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The Moment

I wrote The Moment on Tuesday the 17th of March 2009. I played with the words for a couple of days, sent it out to three people for some feedback and then finalised it in the form you see below on Thursday 19th March.

I have used kayaking as my medium for conveying ‘The Moment’, that place in time when everything clicks. I have tried to capture ‘it’ in words to convey some of what I feel when ‘it’ happens.

This feeling does not restrict itself to boating, we all experience moments at all times in our lives, whether it be in work or play. A job well done at work is immensley satisfying. A childs first words or steps will stay with a parent forever. We all seek our moments in different ways and sometimes they arrive when we least expect them or perhaps we are trying something new, for the first time, it clicks and we think, aha! this is ‘it’ this is good. I want to do that again and experience that rush again.

How long does ‘The Moment’ last, well in our hearts and minds I would suggest forever, in real time it could be a second, a minute or much longer. The time I rode Disneyland with Noel, Steve, Eric and Kira, the moment last the entire day, culminating in the car park at Britainia Beach with an ice cold beer from the cooler.

The Moment’ will mean different things to everyone and I guess we will feel ‘it’ in different ways.

For my brother, mother, father and myself ‘The Moment’ lasted an all too short 18 years, so from a father, a grandmother, a grandfather and an uncle, our moments will be encapsulated in the life of a young girl.

Sara Emma Jones – 19th of March 2009
‘The Moment’

When I started kayaking I didn’t realise the impact it would have on me, my life, my mind or my wallet. How can a pastime, a sport or a hobby effect you so deeply? The way in which I conduct my life is goverened by the weather, where it has been raining, where there is water and who is available to go paddling.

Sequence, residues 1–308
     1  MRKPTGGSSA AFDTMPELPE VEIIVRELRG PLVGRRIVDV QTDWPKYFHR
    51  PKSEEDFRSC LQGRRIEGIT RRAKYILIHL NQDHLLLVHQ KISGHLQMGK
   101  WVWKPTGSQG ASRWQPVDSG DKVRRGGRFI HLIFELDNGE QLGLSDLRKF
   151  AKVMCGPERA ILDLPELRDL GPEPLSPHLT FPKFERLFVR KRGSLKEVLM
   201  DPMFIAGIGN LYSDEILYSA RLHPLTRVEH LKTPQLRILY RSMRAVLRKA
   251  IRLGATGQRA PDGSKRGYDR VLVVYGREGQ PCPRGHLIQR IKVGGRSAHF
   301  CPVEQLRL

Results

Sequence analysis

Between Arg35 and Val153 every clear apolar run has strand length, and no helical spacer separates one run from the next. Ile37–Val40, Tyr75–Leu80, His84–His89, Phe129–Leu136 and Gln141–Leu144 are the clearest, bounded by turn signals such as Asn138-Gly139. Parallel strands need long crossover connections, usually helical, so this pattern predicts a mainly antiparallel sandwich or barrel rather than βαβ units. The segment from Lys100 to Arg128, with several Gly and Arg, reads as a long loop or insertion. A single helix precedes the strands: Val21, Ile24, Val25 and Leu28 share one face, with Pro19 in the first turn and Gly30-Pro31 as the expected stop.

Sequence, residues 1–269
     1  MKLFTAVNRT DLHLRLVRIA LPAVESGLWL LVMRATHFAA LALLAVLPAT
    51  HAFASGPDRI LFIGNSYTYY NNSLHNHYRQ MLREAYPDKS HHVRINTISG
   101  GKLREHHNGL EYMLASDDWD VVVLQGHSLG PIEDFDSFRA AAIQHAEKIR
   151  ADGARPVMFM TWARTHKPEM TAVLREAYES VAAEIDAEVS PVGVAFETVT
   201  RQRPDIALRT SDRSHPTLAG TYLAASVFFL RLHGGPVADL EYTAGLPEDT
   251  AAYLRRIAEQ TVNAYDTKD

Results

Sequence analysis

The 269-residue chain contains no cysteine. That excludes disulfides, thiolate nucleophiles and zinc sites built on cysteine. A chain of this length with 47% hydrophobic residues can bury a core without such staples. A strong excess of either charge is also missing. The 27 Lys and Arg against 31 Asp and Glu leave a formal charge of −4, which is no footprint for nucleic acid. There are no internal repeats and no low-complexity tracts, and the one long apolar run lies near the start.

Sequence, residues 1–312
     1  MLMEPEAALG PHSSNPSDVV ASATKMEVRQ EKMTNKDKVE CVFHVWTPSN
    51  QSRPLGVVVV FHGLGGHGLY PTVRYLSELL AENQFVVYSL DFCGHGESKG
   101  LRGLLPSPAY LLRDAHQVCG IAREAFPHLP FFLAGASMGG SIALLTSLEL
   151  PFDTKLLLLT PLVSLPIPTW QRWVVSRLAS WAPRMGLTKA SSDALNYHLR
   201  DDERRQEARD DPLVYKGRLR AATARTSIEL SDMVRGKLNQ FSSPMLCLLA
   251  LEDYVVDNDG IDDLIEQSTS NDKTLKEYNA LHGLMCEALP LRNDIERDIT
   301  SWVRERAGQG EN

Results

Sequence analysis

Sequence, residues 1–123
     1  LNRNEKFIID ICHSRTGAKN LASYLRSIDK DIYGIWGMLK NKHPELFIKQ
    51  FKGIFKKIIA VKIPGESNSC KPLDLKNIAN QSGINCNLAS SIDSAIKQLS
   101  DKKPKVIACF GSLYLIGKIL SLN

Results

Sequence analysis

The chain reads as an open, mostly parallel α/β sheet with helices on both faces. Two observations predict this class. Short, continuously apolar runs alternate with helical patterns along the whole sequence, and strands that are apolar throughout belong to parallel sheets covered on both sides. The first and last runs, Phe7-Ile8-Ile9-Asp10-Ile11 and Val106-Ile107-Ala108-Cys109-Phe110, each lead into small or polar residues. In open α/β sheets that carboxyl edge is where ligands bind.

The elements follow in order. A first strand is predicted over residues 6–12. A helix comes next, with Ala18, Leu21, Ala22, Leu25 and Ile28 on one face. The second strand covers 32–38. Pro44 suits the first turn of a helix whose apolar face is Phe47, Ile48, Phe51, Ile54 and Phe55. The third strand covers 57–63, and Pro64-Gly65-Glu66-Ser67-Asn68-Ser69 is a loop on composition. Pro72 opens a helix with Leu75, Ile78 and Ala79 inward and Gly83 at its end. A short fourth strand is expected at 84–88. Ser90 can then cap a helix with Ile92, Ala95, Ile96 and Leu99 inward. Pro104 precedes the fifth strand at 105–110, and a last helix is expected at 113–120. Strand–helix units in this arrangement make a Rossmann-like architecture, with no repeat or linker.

I spend my time looking at weather forecasts, forums, e-mailing, phoning and texting people in various parts of the country to find out what rivers might be running over the weekend, hours spent on the internet, researching new places to go and rivers to paddle.

What is it about sitting in a plastic tub and launching into a river that captures us so much? I’m not alone. I see it in others. Not everyone gets ‘it’, whatever ‘it’ is. Some people go boating at the weekends and appreciate it for what it is, a day on the river with some friemds in the fresh air. To others it’s much, much more.

Bill Shankly the greatest of the Liverpool Football club managers is famoulsy quoted as saying \” some people think football is a matter of life and death, they are wrong, it is much more important that that\”. That comment may seem frivolous to those that didn’t share his passion for the sport and the club he served and loved. Football? I don’t get it myself, but there are those that do, thankfully, filling stadiums every Saturday, leaving rivers for people like us.

Kayaking can be a matter of life and death I guess. I see it very much as a matter of life. Kayaking has given me some of those moments in time that will stay in my mind forever, whether it be a smooth line down a rapid, a beat down, the unique river level view of the world that we all experience when we sit in our boats and see the world from an angle that only we as kayakers will view or time shared with friends having had the perfect day with plenty of water.